fracking

The science on whether there's a link between oil and gas activity and a surge in earthquakes in Texas isn't clear-cut, says the new seismologist for the agency that regulates the industry here.

From Texas Standard:

U.S. Rep. Lamar Smith is on a mission to uncover what he calls "Russia's propaganda war against fossil fuels." The Republican congressman whose district includes parts of San Antonio, the Hill Country and Austin, said as much in a recent letter to Treasury Secretary Steven Mnuchin.

Copyright 2017 NPR. To see more, visit http://www.npr.org/.

RENEE MONTAGNE, HOST:

Ryan E. Poppe

Texas-Mexico relations were front and center this as Governor Greg Abbott met with Mexico’s Foreign Secretary. Former-U.S. ambassador to Mexico Tony Garza says improving these ties will greatly serve Texas businesses and the state.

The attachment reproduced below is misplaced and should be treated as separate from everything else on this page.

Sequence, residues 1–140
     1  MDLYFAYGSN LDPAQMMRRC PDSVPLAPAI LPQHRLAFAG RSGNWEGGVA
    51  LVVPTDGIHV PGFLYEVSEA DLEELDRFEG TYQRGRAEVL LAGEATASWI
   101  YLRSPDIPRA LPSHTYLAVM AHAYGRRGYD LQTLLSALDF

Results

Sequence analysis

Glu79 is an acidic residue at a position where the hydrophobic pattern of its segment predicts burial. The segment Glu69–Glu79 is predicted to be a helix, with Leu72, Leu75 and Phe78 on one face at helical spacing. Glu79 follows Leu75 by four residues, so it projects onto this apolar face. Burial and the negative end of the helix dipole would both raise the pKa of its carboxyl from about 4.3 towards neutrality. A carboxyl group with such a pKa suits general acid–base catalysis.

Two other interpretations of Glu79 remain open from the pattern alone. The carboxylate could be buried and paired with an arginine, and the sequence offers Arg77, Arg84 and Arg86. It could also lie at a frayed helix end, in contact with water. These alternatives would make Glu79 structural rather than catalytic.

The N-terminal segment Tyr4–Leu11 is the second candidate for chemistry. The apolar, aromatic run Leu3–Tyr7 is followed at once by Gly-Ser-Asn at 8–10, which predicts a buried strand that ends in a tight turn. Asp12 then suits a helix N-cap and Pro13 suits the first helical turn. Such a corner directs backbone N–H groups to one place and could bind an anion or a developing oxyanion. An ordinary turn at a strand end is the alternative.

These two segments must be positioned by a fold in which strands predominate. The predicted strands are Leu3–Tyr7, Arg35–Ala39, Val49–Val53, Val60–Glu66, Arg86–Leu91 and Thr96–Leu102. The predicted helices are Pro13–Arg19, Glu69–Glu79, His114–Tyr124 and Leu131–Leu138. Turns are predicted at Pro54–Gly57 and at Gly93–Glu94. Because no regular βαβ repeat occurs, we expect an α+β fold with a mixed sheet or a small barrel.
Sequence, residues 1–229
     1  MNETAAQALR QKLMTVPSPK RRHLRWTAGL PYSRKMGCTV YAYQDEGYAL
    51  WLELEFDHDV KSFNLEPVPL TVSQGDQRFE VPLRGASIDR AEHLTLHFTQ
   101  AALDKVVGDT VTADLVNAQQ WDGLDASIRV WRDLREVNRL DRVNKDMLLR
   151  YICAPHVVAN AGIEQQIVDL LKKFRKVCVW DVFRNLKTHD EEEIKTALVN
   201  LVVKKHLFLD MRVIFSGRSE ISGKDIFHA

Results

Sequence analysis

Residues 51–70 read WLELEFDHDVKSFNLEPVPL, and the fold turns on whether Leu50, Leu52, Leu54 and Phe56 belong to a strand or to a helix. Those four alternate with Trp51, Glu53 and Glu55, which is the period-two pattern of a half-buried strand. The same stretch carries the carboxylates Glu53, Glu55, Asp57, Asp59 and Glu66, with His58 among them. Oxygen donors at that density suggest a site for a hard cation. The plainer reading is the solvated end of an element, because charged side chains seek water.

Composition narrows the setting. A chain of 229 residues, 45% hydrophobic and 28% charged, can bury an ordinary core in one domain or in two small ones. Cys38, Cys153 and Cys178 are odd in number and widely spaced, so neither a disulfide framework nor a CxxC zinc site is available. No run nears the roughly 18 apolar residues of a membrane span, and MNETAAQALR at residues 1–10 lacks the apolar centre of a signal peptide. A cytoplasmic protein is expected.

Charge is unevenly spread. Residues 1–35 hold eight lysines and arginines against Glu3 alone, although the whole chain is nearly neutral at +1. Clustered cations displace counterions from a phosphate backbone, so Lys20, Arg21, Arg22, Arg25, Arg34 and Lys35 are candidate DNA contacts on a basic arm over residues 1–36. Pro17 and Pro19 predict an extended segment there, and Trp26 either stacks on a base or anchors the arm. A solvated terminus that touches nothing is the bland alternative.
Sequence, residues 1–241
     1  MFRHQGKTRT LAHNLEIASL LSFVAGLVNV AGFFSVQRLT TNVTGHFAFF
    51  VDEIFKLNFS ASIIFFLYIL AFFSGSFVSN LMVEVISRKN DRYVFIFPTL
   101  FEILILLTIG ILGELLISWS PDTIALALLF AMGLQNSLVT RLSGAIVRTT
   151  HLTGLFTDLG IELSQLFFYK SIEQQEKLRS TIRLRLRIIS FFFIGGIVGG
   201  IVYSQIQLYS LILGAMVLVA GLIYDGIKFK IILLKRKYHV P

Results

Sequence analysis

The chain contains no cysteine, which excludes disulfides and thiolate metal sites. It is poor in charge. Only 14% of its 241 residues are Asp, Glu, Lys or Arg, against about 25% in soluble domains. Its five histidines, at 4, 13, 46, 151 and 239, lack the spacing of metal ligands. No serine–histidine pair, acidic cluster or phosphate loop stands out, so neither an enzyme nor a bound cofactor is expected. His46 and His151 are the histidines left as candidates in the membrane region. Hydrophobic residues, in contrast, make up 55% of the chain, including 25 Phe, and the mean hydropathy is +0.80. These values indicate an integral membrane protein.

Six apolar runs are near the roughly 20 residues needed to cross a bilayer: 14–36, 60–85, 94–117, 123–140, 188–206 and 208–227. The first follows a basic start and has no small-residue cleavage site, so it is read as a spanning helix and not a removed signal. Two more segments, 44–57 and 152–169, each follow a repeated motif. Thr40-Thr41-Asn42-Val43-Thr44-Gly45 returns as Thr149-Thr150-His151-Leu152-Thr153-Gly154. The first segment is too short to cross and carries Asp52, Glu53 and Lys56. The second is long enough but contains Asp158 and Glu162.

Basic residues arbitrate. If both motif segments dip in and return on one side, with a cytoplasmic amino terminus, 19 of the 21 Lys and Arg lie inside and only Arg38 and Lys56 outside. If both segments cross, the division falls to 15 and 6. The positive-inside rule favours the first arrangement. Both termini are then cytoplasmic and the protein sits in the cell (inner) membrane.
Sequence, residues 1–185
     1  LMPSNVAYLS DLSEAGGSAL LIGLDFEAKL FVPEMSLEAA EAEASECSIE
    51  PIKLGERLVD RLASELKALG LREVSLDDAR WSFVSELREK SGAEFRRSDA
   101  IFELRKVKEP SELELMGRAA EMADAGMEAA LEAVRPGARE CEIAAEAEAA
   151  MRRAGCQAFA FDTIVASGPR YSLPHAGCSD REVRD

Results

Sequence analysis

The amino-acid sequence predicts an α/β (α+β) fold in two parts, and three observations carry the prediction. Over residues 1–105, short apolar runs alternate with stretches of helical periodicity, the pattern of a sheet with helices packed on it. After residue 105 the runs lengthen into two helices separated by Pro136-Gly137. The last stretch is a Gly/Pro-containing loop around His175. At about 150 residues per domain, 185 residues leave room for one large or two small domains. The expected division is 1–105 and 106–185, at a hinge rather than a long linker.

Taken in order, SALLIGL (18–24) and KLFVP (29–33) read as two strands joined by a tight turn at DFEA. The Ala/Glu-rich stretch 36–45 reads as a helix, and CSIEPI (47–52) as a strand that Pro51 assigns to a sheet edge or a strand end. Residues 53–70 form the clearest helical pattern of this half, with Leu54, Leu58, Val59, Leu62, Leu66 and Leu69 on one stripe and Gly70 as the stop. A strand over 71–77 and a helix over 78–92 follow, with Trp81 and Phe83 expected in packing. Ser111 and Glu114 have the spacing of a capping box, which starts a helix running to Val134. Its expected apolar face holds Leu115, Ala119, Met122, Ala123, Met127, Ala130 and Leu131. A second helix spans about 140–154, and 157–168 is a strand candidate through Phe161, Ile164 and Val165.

After serving as Texas Secretary of State and US ambassador to Mexico under George W. Bush, Garza went on to represent companies that have clients in Mexico and says a reform of the country’s energy sector has made it a place ripe with opportunity, especially for Texas companies wanting to help extract the country’s enormous oil reserves.

While most of the attention on the impacts of fracking has focused on things like drinking water, air pollution and earthquakes, state regulators in Pennsylvania are working on another less-discussed, but no less serious, side effect of oil and gas development: forest fragmentation.

Pages